NBFCs giving loans to real-estate companies may come under pressure in the first half of next year when about Rs 70,000 crore worth of advances to infrastructure developers would no longer enjoy mandatory repayment exemptions.
India Ratings said on Monday that with refinancing options looking bleak for these developer companies due to high costs of fund and liquidity tightness, some of these exposures may turn delinquent. The Fitch group’s Indian rating agency on Monday downgraded its mid-year outlook for NBFC sector to ‘negative’ from ‘stable’.
“About 65-70% of the loan book that NBFCs have is still under moratorium where interest payment is happening and principle payment will start from first half of the next fiscal year. Delinquencies may increase on a case to case basis,” said Pankaj Naik, associate director India Ratings and Research. “The pace at which refinancing was happening has come down. Not many players are optimistic in taking fresh exposure in real estate space, which will lead to increase in credit costs.”
This may put additional stress on wholesale NBFCs and Housing Finance Companies (HFCs) catering to the segment, with potential defaults deteriorating solvency of many such non-banks already reeling under high costs of acquiring credit, the analyst said.
As per data shared by the rating agency, about 40% of all real estate outstanding loans are with non-banks. The major ones include L&T Finance, Piramal Housing, JM Financial and Altico.
With expensive refinancing options, many of the infrastructure developers may be forced to make asset sales and opt for other restructuring options to meet repayment obligations, according to India Ratings.
A moratorium period is the time during the loan term when the borrower is not required to make any repayment. This is mostly done to help correct the asset liability mismatch for working capital on which investments may take longer to show returns.
Separately, India Ratings also cut the growth forecast for NBFCs for FY20 to 10-12% from 15% in FY19 in view of funding challenges and slowdown in economic activity.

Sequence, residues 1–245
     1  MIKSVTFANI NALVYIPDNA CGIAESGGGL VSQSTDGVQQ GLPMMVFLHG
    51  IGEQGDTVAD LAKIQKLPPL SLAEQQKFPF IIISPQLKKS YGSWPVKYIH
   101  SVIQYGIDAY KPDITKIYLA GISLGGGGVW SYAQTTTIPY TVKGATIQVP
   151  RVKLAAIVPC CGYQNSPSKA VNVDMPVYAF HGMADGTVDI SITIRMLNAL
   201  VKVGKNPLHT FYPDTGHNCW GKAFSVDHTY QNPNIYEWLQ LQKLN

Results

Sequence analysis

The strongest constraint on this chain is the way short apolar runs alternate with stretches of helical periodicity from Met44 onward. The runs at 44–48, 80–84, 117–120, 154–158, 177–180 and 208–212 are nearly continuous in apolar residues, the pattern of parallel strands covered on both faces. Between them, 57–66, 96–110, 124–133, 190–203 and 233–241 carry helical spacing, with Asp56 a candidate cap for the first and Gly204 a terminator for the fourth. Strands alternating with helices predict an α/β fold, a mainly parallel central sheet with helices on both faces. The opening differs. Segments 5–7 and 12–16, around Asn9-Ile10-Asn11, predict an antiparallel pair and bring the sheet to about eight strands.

“With the funding tightness being accompanied by possible asset-side headwinds considering slowing demand, NBFCs have been grappling with a double whammy,” said India Ratings. “During this period, NBFCs also had to increasingly rely on alternative measures to generate liquidity, including through asset sales – securitization and direct assignments of loans.”
Within asset classes, Ind-Ra has maintained a stable-to-negative outlook on commercial vehicle loans as the automobile sector continued to endure its worst sales slump in over two decades. It also downgraded the outlook for the loans against property (LAP) segment.
“The LAP segment has been under pressure because of the cash flow pressure plaguing the SME segment, which is the dominant market for LAP. Ind-Ra expects delinquency levels of pools to consolidate at current levels or inch up moderately in FY20,” India Ratings said.
Furthermore, the rating agency has also given a negative outlook for large-ticket housing loans due to funding challenges and rising inventory levels. Moderation in food inflation, off-take of produce below minimum support price, and rise in input costs for farmers have also prompted the rating agency to give ‘stable’ to ‘negative’ ratings for tractor loans.